Editor’s note: This story includes graphic descriptions of a suicide attempt. If you or someone you know is having thoughts of suicide or is in emotional distress, contact the Samaritans at 116 123 or at www.samaritans.org.
BIRMINGHAM, England — Cyrille Tchatchet II’s voice barely wavers while he tells his story. He’s feeling comfortable, in his usual setting surrounded by weight racks in a small gym in Birmingham, but half a world away from Cameroon, the country of his birth.
Tchatchet has been on a journey in every sense. He has a lot to talk about: How he became an Olympian at Tokyo 2020 for the Refugee Team; how he earned a degree as a mental health nurse in a bid to help others; how he finally bought a house of his own and became a British citizen, with dreams to return to the Olympics at Paris 2024 as part of Team GB.
First, though, he begins by describing the low moments. Within minutes, he is talking about mental health and the 2014 Commonwealth Games in Glasgow. He’s talking about endings.
Tchatchet describes how he spent his teenage years in Cameroon’s capital, Yaounde, and took up weightlifting after seeing a picture of his uncle performing a lift. By the time he was 18 years old, he had arrived in a buzzing Scotland to represent his country as a weightlifter. It was his first major event, and he had a real shot at a medal, an opportunity to become a weightlifting star. Instead, he looks back despairingly, knowing he spent most of the time in the athlete’s village, holed up in his room.
Tchatchet competed in his event, finishing fifth in the men’s 85kg category. Then a day later, he fled the Games, walking out of the athletes’ village with just his weightlifting shoes and belt — he won’t publicly say why, only describing his personal situation as “toxic,” saying it was unsafe for him to return to Cameroon.
His journey began the first night when he slept outside on the streets in Glasgow, but he wanted to get away, so he travelled as far as he could: First on a train south, to London, then to Brighton. He didn’t know what to do. For weeks, he sat on Brighton’ shores staring out at sea, watching the tide draw in, then ebb slowly away. He was sleeping under a bridge. For food, he ate supermarket biscuits — the cheapest thing he could find.
“After my first night in Brighton, I think the reality hit me,” Tchatchet tells ESPN. “I started thinking, I’ve left my mum at home. I’ve left my brothers and sisters. Now, I’m here. I don’t have a house. I don’t know where to go. I’m scared to go to the police. My mood started dipping quite rapidly. I knew I was in deep trouble at that point.”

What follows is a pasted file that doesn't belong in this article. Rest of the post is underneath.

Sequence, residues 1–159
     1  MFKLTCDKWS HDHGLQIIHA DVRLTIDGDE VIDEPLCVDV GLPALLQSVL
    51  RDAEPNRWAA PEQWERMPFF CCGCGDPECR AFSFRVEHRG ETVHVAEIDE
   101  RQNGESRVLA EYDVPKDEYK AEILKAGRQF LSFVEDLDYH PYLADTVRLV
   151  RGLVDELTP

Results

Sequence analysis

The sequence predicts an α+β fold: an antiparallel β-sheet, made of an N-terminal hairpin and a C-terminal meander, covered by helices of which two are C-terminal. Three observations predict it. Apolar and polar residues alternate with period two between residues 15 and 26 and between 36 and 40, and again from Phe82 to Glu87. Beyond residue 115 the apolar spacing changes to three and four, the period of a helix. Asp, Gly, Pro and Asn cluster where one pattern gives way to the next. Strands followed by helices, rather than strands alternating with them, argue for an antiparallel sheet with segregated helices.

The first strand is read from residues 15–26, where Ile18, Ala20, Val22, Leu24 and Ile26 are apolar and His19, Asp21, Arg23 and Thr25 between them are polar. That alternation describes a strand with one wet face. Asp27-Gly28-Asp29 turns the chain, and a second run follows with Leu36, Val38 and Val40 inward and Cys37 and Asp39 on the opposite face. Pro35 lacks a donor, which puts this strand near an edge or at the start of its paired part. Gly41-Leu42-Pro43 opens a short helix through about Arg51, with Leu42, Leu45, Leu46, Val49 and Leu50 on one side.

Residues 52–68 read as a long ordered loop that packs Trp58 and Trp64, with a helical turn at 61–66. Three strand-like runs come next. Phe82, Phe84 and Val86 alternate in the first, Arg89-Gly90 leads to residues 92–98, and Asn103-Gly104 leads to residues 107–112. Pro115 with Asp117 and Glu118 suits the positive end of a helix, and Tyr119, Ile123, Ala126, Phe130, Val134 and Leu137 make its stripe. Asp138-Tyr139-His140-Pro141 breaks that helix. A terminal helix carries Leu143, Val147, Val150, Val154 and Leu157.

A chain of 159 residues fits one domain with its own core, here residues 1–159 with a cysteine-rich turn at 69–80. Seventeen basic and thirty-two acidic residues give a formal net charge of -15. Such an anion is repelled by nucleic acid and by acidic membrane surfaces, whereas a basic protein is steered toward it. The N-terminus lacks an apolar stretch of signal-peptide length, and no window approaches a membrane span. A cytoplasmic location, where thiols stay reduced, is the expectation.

He still had nowhere to go. ‘What’s next?’ he thought, the clouds in his own mind growing darker. Tchatchet then m3ade a decision he now reflects on with regret. He walked to one of Brighton’s many cliffs until he was met by a fence and a sign — placed by The Samaritans, a UK suicide helpline and charity — that said: ‘If you’re feeling down, call this number.’ He did, but he soon hung up.
“I felt hopeless,” Tchatchet says.
He walked through the hole in the fence and over the edge, staring down below, where the waves crashed against the rocks.
“I came to a point where I was actually hopeless, and I didn’t know what to do,” he says. “At the time I thought that the right thing to do was to end my life.”
This is where Tchatchet’s story could have ended. The Samaritans had informed the local police, who arrived on the scene within minutes. An officer talked to Tchatchet, who made the decision to walk away from the edge, and then back through the fence.
“I was very vulnerable,” Tchatchet says. “I would say naive as well because at the time I thought suicide would fix things.”
The police took him to a station, where he was soon arrested for breaching immigration law by staying in the UK after his temporary visa had ended and was transported to a detention centre in Dover, a town on the English south coast. His initial attempt at staying in the country as a refugee was denied, although an appeal through his solicitor gave him a chance to stay, and a transfer to Birmingham where he was given a room inside a house with other asylum seekers.
It gave him a base, a place to feel safe and to shelter. It also led him to Warley Weightlifting Club in the west of the city, where the coach Gian Singh Cheema gave him the keys to the gym. Weightlifting soon became a mental respite.
“Lifting is quite addictive,” Tchatchet says. “When you start doing it then it becomes part of you. Going back to weightlifting was a big motivation for me because I had something to look forward to.
“In weightlifting, as soon as we start training, we start looking at competitions. I eventually signed up to some local competitions. I did a few of them, and from there I moved to nationals, soon I was competing and winning more medals.”
Tchatchet still faced an ongoing mental health battle. His legal case requesting asylum took 18 months in total, most of which he spent anxious at the prospect of being sent back to Cameroon. At one time, he attempted suicide again, which led to a stay in hospital, a diagnosis of a depression and a prescription for anti-depressants. It was the first time he sought help for his mental health.
“Life at that point was just weightlifting, which I was lucky to have because having something to look forward to gives you hope” he says. “I think that was one of the reasons I survived during those 18 months. My mood was very low.”